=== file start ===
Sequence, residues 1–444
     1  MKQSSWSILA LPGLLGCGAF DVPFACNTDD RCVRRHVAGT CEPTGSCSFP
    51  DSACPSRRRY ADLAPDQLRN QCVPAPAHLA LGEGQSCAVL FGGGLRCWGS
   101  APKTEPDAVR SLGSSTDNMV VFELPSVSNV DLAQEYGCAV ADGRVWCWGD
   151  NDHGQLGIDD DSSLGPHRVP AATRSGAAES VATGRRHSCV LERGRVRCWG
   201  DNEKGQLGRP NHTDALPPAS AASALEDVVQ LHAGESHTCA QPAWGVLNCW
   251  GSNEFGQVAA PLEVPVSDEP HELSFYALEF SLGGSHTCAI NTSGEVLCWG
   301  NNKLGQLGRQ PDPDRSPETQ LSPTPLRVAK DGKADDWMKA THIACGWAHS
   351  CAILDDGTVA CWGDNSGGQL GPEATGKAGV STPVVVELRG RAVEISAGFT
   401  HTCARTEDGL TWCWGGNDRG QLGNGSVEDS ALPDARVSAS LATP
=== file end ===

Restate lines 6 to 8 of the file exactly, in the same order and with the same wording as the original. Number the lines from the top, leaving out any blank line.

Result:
   201  DNEKGQLGRP NHTDALPPAS AASALEDVVQ LHAGESHTCA QPAWGVLNCW
   251  GSNEFGQVAA PLEVPVSDEP HELSFYALEF SLGGSHTCAI NTSGEVLCWG
   301  NNKLGQLGRQ PDPDRSPETQ LSPTPLRVAK DGKADDWMKA THIACGWAHS